Submitted by Crafty Andy on Fri, 2005-12-23 13:32
I have not written much, but my scarf is coming along . It just takes me a long time to knit, unless is a cable sweater, which I love. I am looking forward to the new year and have in my goals make some socks, which Ihave never done before. I may even try ti knit a cap with the foru needles first before I do the socks. I got mysel a nice holiday present, a set of Boye's circular needle set with interchangeable needles. What can I say I am a good bad boy.
Submitted by randalcarter on Mon, 2005-12-19 09:55
Technique should be secondary to the final product. What is your conception? What do you, as knitter, want to produce? If I am working on a school sweater for a young, athletic child -- lots of running, playing, and moving involved -- I use durable yarn, lots of acrylic, machine washable and machine dryable, and a design that allows for movement. Usually a knit-in-the-round design, maybe using cut armholes or cut front for a cardigan. For a young woman's formal wear, I might use a tailored design, done flat on two needles and with seams to retain the shape of the sweater. The yarn is usually a fine yarn in luxurious fiber, perhaps cashmere, alpaca, or mohair. It all depends on the use intended for the end product.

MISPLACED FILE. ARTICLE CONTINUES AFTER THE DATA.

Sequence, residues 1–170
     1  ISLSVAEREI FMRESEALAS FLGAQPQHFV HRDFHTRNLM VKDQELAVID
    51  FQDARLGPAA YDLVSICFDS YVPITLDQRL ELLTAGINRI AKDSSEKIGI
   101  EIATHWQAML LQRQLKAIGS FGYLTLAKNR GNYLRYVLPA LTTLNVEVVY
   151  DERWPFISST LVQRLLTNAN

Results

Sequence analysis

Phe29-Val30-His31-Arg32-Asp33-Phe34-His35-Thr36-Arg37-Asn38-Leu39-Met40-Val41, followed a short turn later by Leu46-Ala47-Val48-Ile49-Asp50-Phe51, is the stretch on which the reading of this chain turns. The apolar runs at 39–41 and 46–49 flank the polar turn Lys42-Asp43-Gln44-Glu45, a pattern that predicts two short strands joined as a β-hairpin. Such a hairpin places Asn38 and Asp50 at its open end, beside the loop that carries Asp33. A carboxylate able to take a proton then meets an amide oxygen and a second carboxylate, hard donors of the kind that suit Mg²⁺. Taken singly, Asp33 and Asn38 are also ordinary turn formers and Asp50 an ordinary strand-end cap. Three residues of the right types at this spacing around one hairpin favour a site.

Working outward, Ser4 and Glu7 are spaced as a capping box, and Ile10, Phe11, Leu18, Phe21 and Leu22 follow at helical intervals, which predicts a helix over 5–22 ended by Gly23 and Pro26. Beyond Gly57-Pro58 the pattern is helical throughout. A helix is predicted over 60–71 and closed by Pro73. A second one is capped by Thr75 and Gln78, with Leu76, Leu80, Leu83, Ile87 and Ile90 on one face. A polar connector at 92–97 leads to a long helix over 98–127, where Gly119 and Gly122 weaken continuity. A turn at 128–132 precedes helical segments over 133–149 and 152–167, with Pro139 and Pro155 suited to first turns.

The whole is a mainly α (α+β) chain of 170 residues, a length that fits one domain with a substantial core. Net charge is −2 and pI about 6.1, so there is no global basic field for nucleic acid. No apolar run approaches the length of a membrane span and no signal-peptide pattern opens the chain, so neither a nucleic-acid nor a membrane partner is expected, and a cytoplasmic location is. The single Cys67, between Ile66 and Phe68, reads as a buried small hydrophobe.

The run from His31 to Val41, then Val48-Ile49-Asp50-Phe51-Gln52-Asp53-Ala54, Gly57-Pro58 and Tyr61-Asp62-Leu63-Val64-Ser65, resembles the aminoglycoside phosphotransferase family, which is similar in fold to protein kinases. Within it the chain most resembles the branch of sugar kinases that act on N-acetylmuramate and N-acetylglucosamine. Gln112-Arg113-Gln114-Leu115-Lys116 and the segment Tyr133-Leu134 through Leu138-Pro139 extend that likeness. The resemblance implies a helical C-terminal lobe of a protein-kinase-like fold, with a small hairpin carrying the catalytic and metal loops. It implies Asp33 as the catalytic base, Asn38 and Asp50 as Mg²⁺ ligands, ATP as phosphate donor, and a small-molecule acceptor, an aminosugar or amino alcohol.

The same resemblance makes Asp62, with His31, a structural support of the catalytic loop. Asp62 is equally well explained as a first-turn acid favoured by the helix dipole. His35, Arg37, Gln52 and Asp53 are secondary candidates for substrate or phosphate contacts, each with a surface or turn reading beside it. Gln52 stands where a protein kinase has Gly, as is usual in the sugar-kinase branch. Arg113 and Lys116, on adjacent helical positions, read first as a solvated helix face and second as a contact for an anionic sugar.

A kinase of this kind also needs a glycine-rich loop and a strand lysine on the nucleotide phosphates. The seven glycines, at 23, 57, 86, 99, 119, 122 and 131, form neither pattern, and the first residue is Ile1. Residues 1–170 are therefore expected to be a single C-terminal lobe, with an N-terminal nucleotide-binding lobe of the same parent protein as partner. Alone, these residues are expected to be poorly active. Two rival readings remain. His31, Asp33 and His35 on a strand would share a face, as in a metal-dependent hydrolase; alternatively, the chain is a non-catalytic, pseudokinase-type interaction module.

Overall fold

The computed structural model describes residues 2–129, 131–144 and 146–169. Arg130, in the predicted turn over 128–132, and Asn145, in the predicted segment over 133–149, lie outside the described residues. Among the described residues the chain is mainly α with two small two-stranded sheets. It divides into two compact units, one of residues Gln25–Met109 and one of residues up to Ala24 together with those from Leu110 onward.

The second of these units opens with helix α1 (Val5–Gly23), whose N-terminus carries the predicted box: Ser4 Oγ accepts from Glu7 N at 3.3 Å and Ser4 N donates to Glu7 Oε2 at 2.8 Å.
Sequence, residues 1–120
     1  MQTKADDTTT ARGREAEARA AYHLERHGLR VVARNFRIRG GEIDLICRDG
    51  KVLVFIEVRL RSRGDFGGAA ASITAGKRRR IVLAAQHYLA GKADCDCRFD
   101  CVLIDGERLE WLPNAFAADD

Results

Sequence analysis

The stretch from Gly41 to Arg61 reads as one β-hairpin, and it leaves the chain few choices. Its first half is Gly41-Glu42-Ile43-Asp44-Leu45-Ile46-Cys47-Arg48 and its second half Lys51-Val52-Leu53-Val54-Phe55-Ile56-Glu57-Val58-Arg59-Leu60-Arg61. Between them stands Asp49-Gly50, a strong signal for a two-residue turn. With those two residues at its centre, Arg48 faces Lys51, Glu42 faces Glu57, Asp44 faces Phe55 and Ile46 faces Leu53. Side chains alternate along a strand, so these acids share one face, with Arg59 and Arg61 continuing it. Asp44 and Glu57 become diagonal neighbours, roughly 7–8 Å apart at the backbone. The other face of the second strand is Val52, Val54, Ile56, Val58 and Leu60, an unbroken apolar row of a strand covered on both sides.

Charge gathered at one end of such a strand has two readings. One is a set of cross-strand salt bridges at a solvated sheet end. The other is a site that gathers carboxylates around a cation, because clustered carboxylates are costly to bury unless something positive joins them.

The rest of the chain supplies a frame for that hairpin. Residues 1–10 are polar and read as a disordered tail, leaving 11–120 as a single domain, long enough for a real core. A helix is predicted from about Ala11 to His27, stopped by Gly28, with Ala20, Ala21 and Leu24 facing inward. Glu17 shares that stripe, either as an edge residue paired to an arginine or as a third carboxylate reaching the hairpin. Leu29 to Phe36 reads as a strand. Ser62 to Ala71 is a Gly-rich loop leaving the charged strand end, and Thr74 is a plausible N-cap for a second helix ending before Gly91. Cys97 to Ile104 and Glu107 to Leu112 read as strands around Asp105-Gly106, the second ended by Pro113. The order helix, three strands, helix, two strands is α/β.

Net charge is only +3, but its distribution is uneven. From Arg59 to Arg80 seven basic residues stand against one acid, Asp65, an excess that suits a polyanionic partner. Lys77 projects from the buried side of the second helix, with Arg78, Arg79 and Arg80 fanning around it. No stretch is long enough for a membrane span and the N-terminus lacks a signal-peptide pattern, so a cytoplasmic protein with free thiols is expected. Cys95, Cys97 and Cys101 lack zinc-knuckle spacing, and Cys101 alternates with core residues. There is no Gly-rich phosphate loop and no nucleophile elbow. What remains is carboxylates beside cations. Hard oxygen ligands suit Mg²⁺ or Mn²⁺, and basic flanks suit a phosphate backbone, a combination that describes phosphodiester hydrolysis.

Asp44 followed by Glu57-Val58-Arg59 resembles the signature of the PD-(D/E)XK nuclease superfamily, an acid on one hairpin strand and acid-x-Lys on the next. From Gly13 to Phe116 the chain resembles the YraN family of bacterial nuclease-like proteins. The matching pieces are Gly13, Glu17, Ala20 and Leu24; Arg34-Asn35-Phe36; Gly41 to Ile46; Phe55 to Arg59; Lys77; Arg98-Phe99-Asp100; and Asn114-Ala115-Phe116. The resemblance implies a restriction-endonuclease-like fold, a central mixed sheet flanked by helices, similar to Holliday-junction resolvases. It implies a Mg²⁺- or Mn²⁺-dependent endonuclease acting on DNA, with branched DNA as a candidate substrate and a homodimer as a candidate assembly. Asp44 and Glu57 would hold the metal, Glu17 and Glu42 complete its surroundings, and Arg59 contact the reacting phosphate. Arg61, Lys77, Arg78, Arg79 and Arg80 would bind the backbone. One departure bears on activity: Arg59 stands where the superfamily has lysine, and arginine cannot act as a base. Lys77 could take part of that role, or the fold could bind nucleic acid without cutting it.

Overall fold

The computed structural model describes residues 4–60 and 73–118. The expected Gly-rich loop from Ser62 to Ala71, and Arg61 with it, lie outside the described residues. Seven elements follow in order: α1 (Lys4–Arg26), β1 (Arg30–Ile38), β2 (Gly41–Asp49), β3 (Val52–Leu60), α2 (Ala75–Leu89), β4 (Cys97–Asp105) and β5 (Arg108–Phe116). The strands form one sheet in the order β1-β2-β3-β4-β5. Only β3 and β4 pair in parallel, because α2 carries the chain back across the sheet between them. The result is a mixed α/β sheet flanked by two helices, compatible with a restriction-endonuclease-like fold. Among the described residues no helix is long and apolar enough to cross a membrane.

Submitted by randalcarter on Sat, 2005-12-17 11:42
Been reading the entries on inspiration vs imitation and thinking that most of us seem to agree that it's OK to draw from a pool of common knitting knowledge for basic designs, ideas on decoration, and techniques for accomplishing our knitting. But just when does a design become uniquely one's own? Sometimes hard to say.
While looking at Ulf's Scandinavian sweater, I had the thought that his work was a unique production, indeed. Each of the components of his design had been used before. But the final combination was something that had not been seen before. And a very impressive sweater!